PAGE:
• People in the US are more likely to die from opioid overdose than car accidents, according to new reports

    6 days ago - By Business Insider

    The National Safety Council analyzed fatality statistics and found that, for the first time, people are more likely to die from an opioid overdose than from a car accident , CNN reported.
    The odds of dying from an opioid overdose are 1 in 96 in the United States, while the odds of death from a car accident are 1 in 103, the National Safety Council found.
    The Centers for Disease Control and Prevention said synthetic opioid-related deaths increased 45.2% between 2016 and 2017.
    The National Safety Council analyzed fatality statistics and found that, for the first time, people are more likely...
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  • U.S. Economy Is Doing Well, but Few Think It Will Last

    U.S. Economy Is Doing Well, but Few Think It Will Last

    6 days ago - By Fortune

    Americans feel pretty confident about where the economy is right now, but they have no idea where it's going.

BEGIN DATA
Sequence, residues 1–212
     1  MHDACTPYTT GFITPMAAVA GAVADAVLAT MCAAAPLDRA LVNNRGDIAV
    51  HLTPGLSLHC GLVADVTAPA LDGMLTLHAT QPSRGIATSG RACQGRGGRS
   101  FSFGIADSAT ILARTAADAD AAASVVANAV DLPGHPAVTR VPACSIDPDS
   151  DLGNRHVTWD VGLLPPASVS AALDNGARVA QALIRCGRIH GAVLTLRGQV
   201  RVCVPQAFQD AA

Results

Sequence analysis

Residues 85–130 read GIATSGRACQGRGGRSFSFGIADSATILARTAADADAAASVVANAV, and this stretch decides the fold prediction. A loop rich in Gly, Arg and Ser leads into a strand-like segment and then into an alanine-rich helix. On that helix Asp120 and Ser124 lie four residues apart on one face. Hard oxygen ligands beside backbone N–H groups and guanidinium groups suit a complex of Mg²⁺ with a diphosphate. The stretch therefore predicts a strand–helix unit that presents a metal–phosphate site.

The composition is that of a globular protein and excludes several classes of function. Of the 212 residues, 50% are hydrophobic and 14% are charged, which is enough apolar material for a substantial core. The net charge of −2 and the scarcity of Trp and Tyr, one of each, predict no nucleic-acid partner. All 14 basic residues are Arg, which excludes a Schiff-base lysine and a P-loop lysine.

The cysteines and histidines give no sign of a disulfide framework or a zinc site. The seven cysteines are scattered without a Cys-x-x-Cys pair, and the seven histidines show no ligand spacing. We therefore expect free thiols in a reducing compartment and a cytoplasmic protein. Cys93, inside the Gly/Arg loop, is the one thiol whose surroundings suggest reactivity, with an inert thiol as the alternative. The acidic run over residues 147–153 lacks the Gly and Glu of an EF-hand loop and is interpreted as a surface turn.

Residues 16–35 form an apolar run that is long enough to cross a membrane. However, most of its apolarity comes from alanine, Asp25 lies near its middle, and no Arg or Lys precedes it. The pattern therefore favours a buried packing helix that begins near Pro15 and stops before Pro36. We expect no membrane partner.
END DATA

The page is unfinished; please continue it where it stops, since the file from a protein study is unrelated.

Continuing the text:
That's the trend Kroger CEO Rodney McMullen pointed out onstage at the National Retail Federation trade show in New York City. The head of America's biggest grocery chain said if you ask Americans questions about the present, they feel confident, but “if you change the question a little to 'where do you think things are going,' there's a lot of uncertainty.”
    That sense of uncertainty might be amplified by the government shutdown. The Wall Street Journal reports that the shutdown is...
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  • Opioid Overdoses Now Claim More U.S. Lives than Auto Accidents: Report

    6 days ago - By Fortune

    Think you're likely to die in a plane crash or train wreck?
    Think again. According to a new report on preventable deaths from the National Safety Council, Americans are more likely to die from an accidental opioid overdose than either of these outcomes - and it's even more likely than a motor vehicle accident or simply falling over.
    For the first time in U.S. history, Americans now have a 1 in 96 chance of accidentally dying from an opioid overdose, making it the leading cause of preventable death in the nation. The second leading cause meanwhile, motor vehicle crashes, has a probability...
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